On our first morning in Rotorua we drove to Matamata and joined a bus tour out to The Shire. Yes, that Shire, Hobbiton, which is all set up and just about ready for filming to begin. It looks absolutely fantastic and if you’re anywhere within reach of the place you HAVE to go see it! We were allowed to take photos but had to sign a confidentiality agreement promising not to share any online. So this is all you get from Hobbiton:

As I was taking photos of [stuff I can’t tell you about] Tom pointed at my feet and said “Look! A frog!”

And so it was.

Middle-Earth frog

Back at The Shire’s Rest we watched a sheep shearing demo and bottle fed some lambs, had lunch at the cafe and coveted the collectible models and jewellery (David really wants a One Ring on a chain – a mere $800 worth, so not happening).

Sheep shearing at Shire's Rest

Bottle feeding lambs

The afternoon was spent with me watching the kids in the swimming pool at the hotel and Adam doing laundry.

That night we went to the Mitai Maori Village for a traditional hangi meal and cultural performance. It was, shall we say, touristy. But they put on a good show, the meal was nice and the glowworm spotting walk after dark was kind of fun.

Mitai cultural performance

Mitai cultural performance

On Saturday we drove out to the Hidden Valley, Orakei Korako, to see the geothermal park.

Silica terrace
Hot spring
Teeny tiny geyser

We took picnic lunch and shared our bread crusts with the ducks. We had hoped to have time to squeeze in a visit to the Buried Village before joining the last tour of the day at the Rainbow Springs Kiwi Wildlife Park but when we got to the Buried Village we decided we didn’t have time to do it justice and had a Devonshire tea in the cafe instead.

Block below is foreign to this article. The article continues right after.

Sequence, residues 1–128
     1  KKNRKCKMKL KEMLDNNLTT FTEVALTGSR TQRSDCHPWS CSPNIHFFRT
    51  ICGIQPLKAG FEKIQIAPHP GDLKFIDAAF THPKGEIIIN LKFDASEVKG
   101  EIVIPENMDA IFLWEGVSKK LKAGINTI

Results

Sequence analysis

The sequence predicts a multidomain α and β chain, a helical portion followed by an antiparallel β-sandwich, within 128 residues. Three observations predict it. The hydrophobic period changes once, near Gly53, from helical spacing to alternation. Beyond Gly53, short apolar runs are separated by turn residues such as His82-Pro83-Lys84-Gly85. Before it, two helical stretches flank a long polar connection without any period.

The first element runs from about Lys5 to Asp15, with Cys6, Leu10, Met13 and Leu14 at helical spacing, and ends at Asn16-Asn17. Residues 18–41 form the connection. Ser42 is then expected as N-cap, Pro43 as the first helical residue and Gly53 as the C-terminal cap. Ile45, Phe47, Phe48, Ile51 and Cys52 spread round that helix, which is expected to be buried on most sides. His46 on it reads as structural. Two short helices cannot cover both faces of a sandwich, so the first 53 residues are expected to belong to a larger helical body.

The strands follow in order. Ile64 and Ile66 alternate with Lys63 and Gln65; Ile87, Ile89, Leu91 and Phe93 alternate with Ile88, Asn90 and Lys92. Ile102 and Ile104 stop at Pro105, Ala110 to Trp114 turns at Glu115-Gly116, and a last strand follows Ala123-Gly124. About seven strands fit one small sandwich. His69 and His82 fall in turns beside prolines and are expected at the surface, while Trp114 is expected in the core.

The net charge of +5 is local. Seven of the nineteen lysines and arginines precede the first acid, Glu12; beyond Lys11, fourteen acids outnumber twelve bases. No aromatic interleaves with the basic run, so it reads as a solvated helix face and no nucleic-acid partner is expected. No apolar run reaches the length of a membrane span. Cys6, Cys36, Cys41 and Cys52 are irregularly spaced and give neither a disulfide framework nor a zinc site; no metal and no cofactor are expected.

We arrived at Rainbow Springs just in time and were treated to a behind the scenes tour of their Kiwi breeding, hatching and conservation project. We saw a one day old chick, fast asleep in its incubator, and Eggnog, hatched on Christmas Eve last year, who was taken out of its cage to be fed and given antibiotics. In the nocturnal enclosure there were 2 adult birds out and about foraging. Tom, all his deepest desires satisfied, announced we could go back to the hotel now, but we had a look around the rest of the park anyway.

Green tree frog

Green tree frog

There were streams and ponds all over the park filled with the biggest trout I have ever seen, no doubt this is due to the fact that food for feeding the fish is available at the park entrance. The kids duly fed the enormous fish and I attempted to take photos but none of them really came out.

Our day ended with a fabulous meal at the Cicco Italian Cafe, the food was so good and the desserts were magnificent!

David's dessert

4 thoughts on “Rotorua

  1. I love thermal areas. I get fascinated by the glub-glubbing mud, and the smells are glorious. Also, it's very easy to make your nine year old giggle by saying loudly, "Who farted?"

  2. Isn't the dairy in NZ to die for? And: so next time we visit, you can show me the photos from your tour in person? 😉

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